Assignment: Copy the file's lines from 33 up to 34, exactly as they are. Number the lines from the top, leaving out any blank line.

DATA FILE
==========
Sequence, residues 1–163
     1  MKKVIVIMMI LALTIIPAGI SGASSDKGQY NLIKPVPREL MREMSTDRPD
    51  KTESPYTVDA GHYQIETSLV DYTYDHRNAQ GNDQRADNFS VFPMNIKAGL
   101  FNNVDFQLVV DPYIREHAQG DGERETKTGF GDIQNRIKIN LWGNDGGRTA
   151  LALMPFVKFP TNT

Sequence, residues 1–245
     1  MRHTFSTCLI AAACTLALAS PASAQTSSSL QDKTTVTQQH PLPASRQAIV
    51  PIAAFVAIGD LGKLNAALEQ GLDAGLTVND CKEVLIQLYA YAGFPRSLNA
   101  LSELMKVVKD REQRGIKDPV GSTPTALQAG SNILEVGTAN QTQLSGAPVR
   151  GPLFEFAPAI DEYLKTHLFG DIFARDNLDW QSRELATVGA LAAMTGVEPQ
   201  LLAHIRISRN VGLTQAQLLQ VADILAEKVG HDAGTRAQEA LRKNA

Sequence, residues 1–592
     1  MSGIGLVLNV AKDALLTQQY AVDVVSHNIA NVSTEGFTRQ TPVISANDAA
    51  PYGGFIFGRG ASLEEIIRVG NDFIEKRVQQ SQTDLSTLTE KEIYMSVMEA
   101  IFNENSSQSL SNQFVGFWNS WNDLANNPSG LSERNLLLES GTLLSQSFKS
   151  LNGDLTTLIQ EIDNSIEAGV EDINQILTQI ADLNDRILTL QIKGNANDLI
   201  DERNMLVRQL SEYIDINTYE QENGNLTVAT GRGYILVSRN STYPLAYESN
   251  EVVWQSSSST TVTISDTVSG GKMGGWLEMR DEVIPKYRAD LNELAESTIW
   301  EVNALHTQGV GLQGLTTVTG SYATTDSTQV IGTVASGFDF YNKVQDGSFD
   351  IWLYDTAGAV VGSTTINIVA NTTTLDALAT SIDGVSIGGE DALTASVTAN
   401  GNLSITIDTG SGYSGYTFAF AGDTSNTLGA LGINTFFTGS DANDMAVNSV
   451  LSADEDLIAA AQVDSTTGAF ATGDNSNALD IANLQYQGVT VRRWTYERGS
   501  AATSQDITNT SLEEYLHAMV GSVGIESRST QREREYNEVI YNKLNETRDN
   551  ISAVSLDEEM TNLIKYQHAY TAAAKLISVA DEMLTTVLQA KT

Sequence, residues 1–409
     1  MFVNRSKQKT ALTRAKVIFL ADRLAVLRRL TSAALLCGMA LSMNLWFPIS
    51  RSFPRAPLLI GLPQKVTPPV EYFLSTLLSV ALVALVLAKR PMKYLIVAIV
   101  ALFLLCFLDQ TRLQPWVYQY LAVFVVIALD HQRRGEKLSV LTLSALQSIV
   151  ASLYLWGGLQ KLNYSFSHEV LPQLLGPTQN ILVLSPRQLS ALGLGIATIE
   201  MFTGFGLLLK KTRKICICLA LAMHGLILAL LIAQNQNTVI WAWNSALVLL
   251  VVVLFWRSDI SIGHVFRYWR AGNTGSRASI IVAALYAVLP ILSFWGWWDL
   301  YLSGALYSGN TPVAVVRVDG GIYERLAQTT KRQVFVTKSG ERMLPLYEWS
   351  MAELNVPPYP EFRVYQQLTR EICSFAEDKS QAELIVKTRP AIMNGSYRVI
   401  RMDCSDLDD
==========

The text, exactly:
   351  MAELNVPPYP EFRVYQQLTR EICSFAEDKS QAELIVKTRP AIMNGSYRVI
   401  RMDCSDLDD